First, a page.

If you are concerned with the pace of your healing, I highly recommend sticking close to your surgeon and their team. Aggressive swelling can be managed with taping and massage, but may occasionally require steroid injections to control. Besides, your surgeon has as much invested in the success of your rhinoplasty as you do. I can tell you that I have an extremely high satisfaction rate with both primary and revision rhinoplasty surgeries, and I believe it has to do with both my technical skills and the very close care we provide to each patient. While I want my patients to be happy, I also want to be happy with the noses I create or fix.

Check out this video I made regarding recovering from rhinoplasty:


Now that you have a better understanding of rhinoplasty surgery and the recovery process, you can confidently go forward with your own rhinoplasty journey. As always, I encourage you to do your homework and make sure you pick the best surgeon for you. If you have any questions for me or want to consult with me about rhinoplasty surgery, please call (303) 708-8234, or email me at my Contact Us page.

Revision Rhinoplasty – The Cure for a Botched Nose Job?


Revision rhinoplasty is a term used to describe a nose surgery procedure to correct problems or deformities that are the result of a previous rhinoplasty. There are many reasons a rhinoplasty may fail to produce the desired results,  but in any case it can be an exceptionally traumatic event to face.

Manish H. Shah, MD, FACS is a specialist in revision rhinoplasty in Denver, Colorado.  His fellowship at the Manhattan Eye, Ear and Throat Hospital in New York City, allowed him to work with his mentor, Dr. Tabbal.  Dr. Tabbal is one of the best revision rhinoplasty surgeons in the world and Dr. Shah was able to learn many advanced techniques to help patients with post-operative nasal deformities.  Revision rhinoplasty makes up at least 30% of the rhinoplasty operations he performs each year.  Patients from Colorado and surrounding  states consult with him to correct their noses after failed primary rhinoplasty procedures.  Revision rhinoplasty is generally considered the hardest procedure amongst all cosmetic surgeries.  This is due to the fact that once a nose has been operated on, there are multiple soft tissue types that are now scarred.  Skin, mucosal lining, cartilage, fat, and bone are all damaged in the process of performing the initial rhinoplasty.  Blood supply to the nose is altered and is usually diminished.  

Oftentimes, damaged cartilage will need to be virtually rebuilt from scratch to create the new nasal skeleton.  Sometimes, too much cartilage was removed at the first surgery and now needs to be put back to fix the nose and improve its support.  To build a new nasal skeleton, graft material, or cartilage, may be harvested from one of three areas of the body: the nasal septum (septal) cartilage, ear (conchal) cartilage, or the rib (costal) cartilage.  In extreme cases, Dr. Shah has taken split calvarial (skull) bone to rebuild noses.  These particular cases require the use of titanium hardware to fix the bone in place. There are pros and cons to the use of each of these materials, which should be discussed between you and Dr. Shah. In some cases the damage may be too severe so synthetic tissue may be used instead.   Various synthetic tissues include silicone, e-PTFE, and Gore-tex. Another possibility is that all of the above materials may be used, both the natural and synthetic.  If at all possible, Dr. Shah prefers the use of natural materials over synthetic ones.  They are less likely to cause long-term complications like infection, rejection, skin erosion, palpability, capsular contraction, and malposition.  A recent favorite of Dr. Shah’s is the DCF (diced cartilage-fascia) graft for rebuilding a bridge that has been over-reduced or over-resected. He has even perfected his own version of the operation known as the SCF (shaved cartilage-fascia) graft procedure.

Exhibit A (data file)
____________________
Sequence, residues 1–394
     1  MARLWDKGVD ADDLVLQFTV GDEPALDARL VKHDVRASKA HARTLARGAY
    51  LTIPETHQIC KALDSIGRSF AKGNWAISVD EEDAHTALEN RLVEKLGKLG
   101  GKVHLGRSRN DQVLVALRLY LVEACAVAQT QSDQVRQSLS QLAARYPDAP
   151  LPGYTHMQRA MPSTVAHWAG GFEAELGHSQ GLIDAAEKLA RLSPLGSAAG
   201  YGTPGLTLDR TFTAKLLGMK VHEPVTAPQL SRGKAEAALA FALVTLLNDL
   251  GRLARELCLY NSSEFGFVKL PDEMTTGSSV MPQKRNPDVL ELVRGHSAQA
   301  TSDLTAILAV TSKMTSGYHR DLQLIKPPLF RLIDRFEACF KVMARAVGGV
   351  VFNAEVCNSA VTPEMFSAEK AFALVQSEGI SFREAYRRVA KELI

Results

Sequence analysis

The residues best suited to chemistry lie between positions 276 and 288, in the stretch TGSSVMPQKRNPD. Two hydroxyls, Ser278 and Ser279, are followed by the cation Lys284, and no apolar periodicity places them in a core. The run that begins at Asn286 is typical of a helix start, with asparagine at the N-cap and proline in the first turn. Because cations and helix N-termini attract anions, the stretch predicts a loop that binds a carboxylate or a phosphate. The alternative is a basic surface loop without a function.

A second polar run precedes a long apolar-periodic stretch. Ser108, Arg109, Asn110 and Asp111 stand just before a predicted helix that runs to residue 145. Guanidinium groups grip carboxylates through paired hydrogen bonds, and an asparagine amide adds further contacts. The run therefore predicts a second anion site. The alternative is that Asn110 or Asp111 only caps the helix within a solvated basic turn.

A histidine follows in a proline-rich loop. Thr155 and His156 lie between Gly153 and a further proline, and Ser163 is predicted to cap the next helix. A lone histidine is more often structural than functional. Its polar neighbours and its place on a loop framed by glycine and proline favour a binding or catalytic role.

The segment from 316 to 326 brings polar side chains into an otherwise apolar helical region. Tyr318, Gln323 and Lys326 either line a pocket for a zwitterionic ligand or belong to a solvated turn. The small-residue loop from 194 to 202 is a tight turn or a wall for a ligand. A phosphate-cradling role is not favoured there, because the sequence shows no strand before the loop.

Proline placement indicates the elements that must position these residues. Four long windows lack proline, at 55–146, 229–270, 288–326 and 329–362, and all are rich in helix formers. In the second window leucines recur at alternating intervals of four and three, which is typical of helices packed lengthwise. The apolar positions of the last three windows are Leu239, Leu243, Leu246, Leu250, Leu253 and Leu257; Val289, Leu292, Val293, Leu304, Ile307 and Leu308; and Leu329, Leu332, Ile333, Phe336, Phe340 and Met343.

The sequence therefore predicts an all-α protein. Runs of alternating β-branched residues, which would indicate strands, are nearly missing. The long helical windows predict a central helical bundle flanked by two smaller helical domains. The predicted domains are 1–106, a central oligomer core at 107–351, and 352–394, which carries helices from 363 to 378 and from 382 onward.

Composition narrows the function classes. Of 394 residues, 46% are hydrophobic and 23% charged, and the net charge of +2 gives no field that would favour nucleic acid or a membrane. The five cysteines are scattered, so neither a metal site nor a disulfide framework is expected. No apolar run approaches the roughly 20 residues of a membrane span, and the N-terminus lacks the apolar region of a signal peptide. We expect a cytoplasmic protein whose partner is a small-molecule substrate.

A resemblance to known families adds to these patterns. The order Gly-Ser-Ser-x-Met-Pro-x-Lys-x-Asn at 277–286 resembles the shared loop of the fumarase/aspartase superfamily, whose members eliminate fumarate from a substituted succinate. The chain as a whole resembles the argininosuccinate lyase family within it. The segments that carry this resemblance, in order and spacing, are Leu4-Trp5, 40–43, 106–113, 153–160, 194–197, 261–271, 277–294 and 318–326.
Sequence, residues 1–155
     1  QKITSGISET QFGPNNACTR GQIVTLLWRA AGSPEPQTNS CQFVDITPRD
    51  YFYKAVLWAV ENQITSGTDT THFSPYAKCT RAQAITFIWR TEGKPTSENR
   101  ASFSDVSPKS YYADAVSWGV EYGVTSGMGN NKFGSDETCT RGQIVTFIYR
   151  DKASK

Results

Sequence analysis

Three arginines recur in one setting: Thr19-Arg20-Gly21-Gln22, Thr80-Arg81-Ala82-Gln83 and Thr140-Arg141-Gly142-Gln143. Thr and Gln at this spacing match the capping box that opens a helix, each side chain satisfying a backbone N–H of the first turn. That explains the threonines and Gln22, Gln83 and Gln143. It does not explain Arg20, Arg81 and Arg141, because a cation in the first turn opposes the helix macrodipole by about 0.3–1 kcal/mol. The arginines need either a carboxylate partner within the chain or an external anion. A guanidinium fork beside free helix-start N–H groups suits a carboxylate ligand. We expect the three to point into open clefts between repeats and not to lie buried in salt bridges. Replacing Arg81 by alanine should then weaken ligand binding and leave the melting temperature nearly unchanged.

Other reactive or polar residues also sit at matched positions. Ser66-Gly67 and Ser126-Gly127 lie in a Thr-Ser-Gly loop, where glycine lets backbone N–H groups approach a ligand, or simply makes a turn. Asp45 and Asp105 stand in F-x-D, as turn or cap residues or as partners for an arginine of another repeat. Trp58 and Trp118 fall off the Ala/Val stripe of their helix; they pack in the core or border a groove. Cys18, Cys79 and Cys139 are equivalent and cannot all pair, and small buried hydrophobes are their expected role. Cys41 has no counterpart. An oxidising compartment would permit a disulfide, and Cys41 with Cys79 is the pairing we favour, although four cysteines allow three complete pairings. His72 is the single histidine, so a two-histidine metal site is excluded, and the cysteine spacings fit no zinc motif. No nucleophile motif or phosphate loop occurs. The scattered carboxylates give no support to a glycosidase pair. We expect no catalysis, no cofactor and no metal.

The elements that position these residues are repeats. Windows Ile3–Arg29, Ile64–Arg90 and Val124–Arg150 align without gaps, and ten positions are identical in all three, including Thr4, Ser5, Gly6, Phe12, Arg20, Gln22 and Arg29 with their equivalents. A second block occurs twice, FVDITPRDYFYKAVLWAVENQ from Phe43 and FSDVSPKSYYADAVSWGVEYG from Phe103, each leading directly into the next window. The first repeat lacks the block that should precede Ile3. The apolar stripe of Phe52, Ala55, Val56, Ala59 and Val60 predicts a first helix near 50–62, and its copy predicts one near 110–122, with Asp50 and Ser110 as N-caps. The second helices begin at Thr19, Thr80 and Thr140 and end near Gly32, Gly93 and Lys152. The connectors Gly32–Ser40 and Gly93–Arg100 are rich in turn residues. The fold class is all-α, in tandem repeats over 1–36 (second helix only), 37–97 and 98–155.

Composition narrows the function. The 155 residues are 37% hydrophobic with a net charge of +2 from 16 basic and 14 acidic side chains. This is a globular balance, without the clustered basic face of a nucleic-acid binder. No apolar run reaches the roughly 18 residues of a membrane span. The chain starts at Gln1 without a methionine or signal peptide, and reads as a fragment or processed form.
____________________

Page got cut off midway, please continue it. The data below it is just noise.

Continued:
The soft tissues of the nose are prone to inflammation after having plastic surgery.  The inflammatory changes result in scarring that increases the stiffness of the tissues.  When patients have had several revision rhinoplasty surgeries, it can feel like you are operating on cement.  It can take much longer just to remove all the scar to see what the “normal” anatomy looks like.  When scar that is obstructing function has to be removed, new tissue in the form  of skin grafts or mucosal grafts may need to be used.  Due to all these various reasons, revision rhinoplasty takes much longer to perform in the operating room. Postoperatively there is a longer recovery time also. Recovery time might be anywhere from 6 months to 2 years depending on the severity of the damage and the health of the skin.